Canadian December producer prices rise on energy, weaker dollar

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OTTAWA (Reuters) – Canadian producer prices rose by 0.7 percent in December from November thanks to higher energy prices as well as the effect of the weaker Canadian dollar, Statistics Canada said on Monday.

The increase was greater than the 0.3 percent advance forecast by market analysts and represented the biggest jump since the 1.5 percent recorded in February 2013. Statscan revised November’s month-on-month growth to 0.2 percent from an initial 0.1 percent.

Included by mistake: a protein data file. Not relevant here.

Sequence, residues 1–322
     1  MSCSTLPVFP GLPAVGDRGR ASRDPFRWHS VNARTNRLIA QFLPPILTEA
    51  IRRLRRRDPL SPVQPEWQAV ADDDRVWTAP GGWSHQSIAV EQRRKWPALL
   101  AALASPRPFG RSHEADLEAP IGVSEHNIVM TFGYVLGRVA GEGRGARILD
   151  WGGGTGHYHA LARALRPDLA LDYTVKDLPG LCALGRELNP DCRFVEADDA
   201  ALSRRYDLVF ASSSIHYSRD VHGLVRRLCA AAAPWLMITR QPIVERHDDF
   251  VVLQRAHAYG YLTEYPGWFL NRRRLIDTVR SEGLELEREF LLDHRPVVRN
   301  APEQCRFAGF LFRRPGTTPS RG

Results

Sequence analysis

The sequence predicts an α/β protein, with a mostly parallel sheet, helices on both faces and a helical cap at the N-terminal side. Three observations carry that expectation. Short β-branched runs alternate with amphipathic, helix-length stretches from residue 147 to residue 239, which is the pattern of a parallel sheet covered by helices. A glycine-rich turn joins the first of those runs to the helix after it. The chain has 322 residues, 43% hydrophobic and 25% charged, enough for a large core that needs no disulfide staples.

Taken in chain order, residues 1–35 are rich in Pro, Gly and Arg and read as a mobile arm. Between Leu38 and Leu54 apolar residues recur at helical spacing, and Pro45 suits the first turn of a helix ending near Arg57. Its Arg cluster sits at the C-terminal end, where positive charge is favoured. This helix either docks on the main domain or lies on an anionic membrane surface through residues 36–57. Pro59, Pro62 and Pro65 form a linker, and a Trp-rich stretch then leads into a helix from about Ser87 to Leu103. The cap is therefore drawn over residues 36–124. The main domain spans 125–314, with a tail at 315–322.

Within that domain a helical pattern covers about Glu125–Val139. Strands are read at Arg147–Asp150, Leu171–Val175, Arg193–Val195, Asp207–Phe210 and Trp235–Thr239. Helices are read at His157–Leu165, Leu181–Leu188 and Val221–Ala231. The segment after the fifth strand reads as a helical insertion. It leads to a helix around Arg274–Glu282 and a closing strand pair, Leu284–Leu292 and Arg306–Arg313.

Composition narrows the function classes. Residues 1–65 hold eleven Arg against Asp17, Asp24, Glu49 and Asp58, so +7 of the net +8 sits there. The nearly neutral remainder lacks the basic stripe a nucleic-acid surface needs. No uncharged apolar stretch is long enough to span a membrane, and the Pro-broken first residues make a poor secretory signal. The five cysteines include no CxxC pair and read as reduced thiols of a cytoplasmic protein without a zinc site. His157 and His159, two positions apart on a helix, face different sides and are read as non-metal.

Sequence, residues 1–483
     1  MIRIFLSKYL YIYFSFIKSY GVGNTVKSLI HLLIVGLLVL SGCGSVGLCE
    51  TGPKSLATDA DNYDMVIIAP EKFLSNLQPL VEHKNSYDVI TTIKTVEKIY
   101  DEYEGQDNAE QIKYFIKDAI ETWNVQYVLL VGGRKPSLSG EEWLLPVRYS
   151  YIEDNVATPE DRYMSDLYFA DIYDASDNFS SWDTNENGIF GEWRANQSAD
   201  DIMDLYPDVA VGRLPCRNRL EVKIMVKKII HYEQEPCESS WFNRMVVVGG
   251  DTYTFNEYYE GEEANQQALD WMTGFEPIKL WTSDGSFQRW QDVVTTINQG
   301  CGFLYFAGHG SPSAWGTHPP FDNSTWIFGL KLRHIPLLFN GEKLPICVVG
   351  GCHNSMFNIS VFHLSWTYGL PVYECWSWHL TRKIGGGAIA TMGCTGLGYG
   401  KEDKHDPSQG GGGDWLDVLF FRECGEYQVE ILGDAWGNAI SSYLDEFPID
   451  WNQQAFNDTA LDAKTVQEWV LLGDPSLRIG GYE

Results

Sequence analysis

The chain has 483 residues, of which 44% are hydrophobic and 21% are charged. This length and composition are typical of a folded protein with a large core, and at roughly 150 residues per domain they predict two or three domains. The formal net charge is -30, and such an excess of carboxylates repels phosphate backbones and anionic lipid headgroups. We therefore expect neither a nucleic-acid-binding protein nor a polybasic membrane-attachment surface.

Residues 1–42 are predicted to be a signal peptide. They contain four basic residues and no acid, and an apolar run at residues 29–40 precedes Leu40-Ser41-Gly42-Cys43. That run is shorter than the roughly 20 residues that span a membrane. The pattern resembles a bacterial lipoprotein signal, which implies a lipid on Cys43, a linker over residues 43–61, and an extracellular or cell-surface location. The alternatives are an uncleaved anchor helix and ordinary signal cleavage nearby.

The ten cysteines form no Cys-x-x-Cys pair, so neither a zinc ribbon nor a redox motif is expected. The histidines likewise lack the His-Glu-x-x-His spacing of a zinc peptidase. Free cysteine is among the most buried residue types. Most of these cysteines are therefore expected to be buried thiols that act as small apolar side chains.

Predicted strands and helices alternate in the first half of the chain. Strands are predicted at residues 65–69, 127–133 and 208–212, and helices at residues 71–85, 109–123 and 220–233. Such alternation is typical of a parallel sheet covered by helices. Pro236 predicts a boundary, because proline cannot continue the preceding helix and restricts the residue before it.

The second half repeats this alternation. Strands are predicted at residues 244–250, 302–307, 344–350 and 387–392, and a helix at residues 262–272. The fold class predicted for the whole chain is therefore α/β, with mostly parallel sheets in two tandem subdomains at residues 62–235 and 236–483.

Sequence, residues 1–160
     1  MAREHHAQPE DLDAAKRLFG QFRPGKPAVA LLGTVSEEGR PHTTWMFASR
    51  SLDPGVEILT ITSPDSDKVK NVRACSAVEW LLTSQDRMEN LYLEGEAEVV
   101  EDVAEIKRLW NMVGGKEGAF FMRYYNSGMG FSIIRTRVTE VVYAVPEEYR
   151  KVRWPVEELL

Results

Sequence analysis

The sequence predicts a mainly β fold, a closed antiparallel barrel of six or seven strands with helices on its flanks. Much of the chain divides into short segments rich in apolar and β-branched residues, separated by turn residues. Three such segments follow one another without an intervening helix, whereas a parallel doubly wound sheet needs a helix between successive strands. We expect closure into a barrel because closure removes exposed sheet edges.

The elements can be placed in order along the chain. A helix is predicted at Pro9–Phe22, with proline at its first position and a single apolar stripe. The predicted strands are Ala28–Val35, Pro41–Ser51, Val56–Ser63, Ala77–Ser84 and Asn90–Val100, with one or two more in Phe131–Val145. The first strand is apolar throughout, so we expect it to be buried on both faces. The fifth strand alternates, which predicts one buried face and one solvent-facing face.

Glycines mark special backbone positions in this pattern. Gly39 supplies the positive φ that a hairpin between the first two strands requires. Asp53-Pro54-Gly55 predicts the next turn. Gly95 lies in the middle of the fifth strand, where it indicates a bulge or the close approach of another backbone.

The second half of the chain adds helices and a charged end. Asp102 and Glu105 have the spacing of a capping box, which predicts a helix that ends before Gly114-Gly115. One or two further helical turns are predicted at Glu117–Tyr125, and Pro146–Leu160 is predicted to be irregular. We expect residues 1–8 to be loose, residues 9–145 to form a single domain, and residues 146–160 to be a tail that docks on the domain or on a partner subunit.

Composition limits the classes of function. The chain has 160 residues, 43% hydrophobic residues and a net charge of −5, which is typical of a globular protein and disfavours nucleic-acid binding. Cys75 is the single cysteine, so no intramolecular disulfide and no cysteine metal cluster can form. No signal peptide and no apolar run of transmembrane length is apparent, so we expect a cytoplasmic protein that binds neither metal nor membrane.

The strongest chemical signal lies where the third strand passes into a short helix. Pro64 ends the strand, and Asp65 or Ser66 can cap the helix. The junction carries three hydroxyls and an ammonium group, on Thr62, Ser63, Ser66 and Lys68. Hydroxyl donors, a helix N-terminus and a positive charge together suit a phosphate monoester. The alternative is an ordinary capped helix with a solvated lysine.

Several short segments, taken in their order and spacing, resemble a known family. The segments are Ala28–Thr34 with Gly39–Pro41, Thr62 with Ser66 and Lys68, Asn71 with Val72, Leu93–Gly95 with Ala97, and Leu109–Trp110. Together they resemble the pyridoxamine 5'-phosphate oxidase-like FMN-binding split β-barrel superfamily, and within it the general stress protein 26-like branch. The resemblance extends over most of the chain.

Energy and petroleum prices climbed by 2.0 percent, pushed up by a 5.0 percent leap in the price of diesel fuel. Year-over-year producer prices rose by 1.4 percent compared to the 0.6 percent advance seen in December 2012.

Statscan said producer prices had also been boosted by the weaker Canadian dollar, which has slipped steadily since October 2013 and is now trading at more than four year lows. Some Canadian producers price their exports in U.S. dollars.

The dollar dropped by 1.4 percent against the greenback in December and without the measurable effect of the exchange rate, producer prices would have risen by 0.4 percent from November rather than 0.7 percent, Statscan said.

Raw materials prices jumped by 1.9 percent from November on a 3.3 percent increase in prices of crude energy products. Prices increased by 2.1 percent over the previous 12 months compared to the 6.3 percent year-on-year drop recorded in December 2012.

(Reporting by David Ljunggren; Editing by Nick Zieminski)